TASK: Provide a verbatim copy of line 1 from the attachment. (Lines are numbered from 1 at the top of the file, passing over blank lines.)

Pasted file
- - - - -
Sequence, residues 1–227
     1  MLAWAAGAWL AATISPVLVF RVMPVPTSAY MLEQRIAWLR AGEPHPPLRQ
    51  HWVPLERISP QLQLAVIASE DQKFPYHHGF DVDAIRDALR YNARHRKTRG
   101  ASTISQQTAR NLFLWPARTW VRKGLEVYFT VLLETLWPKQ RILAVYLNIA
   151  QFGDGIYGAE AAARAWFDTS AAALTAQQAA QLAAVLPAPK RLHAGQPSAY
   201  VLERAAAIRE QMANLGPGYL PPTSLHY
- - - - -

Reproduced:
Sequence, residues 1–227